A career as an RCMP Telecommunications Operator (9-1-1 Dispatcher) offers:
- Competitive salaries; increasing from $48,686 to $62,653 over the first five years of service;
- Full-time, part-time and temporary opportunities upon successful completion of the RCMP Telecommunications Operator training program;
- Incremental vacation and pension, member/employee assistance program, medical and dental plan, family health plan, and group life insurance (optional);
- Opportunities for promotion, professional development, and personal growth;
- Support for continuing education and development;
- Telecommunications Operator Training Program;
- A rewarding career supporting law enforcement and
- A chance to be a part of an organization of excellence, the RCMP.
If you are looking for an exciting and rewarding career offering stability and great benefits, read on.
Our job opportunities are posted on the Public Service Commission of Canada web site. You should check it regularly for updates.
To become an RCMP Telecommunications Operator, applicants must
- Have Canadian citizenship;
- Be of good character;
- Be 19 years of age or older;
- Have a Canadian secondary school (high school) diploma or equivalent;
- Have knowledge of Windows-based applications with an emphasis on word processing;
- Be able to type/keyboard at 40 net w.p.m.; (An acceptable certificate for typing/keyboarding may be obtained from a high school, college, or commercial business school.)
- Meet the linguistic requirements for the position (English or Bilingual); and
- Meet the medical standards for RCMP Telecommunications Operators
- Cognitive interpersonal and communication skills, critical thinking, sound judgment and decision making;
- Visual and hearing acuity;
- Ability to be stationary for long periods of time;
- Good listening skills;
- Ability to work on own initiative;
- Highly self-motivated;
- Ability to remain in control, composed and organized under pressure or in high stress situations;
- Ability to multi-task efficiently;
- Someone who enjoys helping others;
- Professionalism and integrity;
- Readiness to accept new challenges;
- Ability to adapt easily to ever evolving technology;
- Ability to work with a team and develop team relationships;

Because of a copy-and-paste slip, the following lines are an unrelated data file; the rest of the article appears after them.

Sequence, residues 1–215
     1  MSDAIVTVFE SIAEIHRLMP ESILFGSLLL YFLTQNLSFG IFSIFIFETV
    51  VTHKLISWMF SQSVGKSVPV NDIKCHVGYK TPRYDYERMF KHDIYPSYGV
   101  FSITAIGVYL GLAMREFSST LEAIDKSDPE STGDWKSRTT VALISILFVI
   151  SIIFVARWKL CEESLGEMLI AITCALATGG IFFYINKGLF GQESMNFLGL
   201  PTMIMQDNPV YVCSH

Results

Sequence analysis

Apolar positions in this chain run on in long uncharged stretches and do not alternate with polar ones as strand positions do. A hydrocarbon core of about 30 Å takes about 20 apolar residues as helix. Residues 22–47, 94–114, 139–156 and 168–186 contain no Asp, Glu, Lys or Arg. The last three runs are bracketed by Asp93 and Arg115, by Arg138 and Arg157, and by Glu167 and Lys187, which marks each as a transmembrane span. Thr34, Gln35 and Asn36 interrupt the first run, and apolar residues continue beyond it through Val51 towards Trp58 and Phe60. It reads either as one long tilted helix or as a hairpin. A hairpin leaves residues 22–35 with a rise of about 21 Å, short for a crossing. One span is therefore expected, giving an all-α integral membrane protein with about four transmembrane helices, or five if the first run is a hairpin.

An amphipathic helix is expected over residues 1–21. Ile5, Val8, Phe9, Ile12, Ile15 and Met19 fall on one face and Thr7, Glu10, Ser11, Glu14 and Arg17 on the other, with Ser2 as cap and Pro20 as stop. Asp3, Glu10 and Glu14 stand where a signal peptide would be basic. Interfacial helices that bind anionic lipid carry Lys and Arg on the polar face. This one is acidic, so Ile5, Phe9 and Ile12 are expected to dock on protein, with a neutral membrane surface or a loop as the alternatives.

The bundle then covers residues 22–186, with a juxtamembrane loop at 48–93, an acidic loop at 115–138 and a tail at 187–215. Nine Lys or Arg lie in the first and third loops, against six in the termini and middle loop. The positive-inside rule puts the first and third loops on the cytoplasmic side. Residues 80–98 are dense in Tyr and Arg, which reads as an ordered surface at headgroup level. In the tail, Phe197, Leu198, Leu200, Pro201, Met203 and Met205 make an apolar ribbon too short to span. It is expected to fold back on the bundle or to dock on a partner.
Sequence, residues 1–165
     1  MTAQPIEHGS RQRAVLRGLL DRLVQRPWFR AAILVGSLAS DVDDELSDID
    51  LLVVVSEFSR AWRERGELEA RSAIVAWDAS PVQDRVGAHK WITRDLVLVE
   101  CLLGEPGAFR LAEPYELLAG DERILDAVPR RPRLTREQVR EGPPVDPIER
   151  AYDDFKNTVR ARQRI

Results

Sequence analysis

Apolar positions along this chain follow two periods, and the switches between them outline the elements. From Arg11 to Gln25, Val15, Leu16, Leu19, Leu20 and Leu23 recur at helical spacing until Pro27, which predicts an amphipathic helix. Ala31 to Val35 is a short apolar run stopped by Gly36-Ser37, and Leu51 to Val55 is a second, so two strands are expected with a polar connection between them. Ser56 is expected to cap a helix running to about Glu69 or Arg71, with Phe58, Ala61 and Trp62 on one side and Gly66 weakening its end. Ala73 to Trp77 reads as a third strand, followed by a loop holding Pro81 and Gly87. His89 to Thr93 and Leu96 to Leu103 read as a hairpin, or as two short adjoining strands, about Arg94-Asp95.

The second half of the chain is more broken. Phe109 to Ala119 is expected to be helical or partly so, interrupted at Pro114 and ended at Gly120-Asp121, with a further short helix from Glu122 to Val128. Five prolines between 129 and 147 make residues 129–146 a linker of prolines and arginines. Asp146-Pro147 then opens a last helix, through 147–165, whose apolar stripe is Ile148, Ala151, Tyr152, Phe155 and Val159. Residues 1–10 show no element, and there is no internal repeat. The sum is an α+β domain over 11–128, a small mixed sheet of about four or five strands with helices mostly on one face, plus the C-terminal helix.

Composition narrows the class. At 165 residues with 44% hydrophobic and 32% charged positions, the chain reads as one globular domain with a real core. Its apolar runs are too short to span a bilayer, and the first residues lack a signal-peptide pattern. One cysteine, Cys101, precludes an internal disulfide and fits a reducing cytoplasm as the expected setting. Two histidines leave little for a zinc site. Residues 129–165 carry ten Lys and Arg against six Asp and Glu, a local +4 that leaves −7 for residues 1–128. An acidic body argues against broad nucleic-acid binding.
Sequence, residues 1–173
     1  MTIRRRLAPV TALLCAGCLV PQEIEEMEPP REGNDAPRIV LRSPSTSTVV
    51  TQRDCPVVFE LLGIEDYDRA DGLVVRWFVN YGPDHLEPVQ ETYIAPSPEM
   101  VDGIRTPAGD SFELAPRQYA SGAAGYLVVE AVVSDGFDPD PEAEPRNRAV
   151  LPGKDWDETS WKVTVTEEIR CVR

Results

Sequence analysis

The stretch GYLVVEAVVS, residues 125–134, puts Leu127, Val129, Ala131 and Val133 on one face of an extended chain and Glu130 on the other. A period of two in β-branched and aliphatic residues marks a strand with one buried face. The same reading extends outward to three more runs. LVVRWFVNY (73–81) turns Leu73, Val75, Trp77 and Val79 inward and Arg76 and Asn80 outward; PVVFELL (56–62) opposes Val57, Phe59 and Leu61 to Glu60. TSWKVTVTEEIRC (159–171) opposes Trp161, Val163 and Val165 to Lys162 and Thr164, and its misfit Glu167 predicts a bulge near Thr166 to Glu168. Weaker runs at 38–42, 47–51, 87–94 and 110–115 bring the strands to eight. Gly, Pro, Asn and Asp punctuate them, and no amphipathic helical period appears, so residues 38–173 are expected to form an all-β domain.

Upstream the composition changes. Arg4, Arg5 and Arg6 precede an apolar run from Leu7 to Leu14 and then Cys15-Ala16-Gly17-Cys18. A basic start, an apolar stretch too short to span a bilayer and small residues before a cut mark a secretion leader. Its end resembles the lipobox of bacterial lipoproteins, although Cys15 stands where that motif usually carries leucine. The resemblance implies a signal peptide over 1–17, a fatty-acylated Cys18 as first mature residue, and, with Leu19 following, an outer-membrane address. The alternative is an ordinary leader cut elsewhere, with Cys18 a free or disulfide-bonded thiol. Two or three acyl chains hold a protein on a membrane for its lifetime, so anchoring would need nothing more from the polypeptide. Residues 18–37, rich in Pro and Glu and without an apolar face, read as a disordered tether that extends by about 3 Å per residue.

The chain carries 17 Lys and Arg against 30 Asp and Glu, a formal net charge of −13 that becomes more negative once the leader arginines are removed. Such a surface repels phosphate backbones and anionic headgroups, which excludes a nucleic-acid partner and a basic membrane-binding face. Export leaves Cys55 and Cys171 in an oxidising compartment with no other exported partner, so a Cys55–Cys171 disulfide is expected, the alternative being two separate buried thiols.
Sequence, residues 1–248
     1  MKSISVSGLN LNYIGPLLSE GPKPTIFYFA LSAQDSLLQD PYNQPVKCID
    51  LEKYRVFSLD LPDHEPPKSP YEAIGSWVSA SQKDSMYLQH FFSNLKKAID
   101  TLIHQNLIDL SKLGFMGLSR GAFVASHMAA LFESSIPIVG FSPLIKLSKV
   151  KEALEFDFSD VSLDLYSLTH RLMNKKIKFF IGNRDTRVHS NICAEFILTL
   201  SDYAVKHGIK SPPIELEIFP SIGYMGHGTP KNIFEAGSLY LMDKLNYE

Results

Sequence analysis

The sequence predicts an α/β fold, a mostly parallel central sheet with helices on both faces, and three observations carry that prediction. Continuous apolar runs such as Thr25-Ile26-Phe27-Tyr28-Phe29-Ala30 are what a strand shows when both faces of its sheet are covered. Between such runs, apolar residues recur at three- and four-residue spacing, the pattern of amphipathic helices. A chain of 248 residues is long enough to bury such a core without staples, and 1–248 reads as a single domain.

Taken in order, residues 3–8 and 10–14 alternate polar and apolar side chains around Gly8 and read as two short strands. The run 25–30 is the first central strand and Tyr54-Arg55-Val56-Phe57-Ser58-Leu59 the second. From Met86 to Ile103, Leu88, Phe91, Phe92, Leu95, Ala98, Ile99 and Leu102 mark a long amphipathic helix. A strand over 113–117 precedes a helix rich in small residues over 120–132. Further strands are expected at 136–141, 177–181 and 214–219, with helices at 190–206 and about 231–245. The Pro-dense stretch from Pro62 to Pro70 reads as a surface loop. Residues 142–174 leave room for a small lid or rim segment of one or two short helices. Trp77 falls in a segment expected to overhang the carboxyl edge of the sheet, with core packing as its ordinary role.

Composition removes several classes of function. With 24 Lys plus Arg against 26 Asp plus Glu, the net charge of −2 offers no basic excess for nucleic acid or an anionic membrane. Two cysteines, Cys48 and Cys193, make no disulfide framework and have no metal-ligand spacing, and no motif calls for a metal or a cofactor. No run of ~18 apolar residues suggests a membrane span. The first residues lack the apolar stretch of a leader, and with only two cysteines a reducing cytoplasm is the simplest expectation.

- Ability to articulate clearly on the telephone;
- Ability to handle the flexibility of shift work; and
- Commitment to a career as a Telecommunications Operator with the RCMP.
Telecommunications Operator Application Process
- Telecom Operator Aptitude Test (TOAT)
(results ranked and valid for 12 months)
- Structured interview (results ranked);
- Psychological evaluation;
- Audiogram/hearing test; and
- Security screening and security interview.
Preparatory Guide for the Telecom Operator Aptitude Test
Preparatory Guide for the Telecom Operator Selection Interview
Telecommunications Operator Training
- Approximately six months in duration;
- Delivered at a centralized location in a RCMP division (province) or the Communication Centre of employment;
- Hourly wage of approximately $22.50 for the duration of the training/probation period;
- Learned skills:
- Knowledge and understanding of common offences under the Criminal Code of Canada, provincial and federal statutes;
- Knowledge of R.C.M.P. internal administrative and operational instructions and police communication practices, policies and procedures;
- Ability to operate a wide variety of communications systems which include multi-channel radio systems with repeaters, computer aided dispatch systems, record management systems, and Canadian law enforcement database;
- Ability to differentiate between criminal and civil law matters;
- Ability to apply effective and professional communication skills to obtain and disseminate information; and
- Ability to respond effectively to emergencies and crisis situations.
Telecommunications Operators’ routine working decisions are made by following policies, procedures, and protocols. Due to the nature of the duties, the Telecom Operator must be able to quickly and accurately analyze and interpret information provided by the public (people who may be experiencing highly emotional or hazardous situations) or officers, and make instant assessments of the situations to determine and coordinate the dispatch of appropriate emergency units.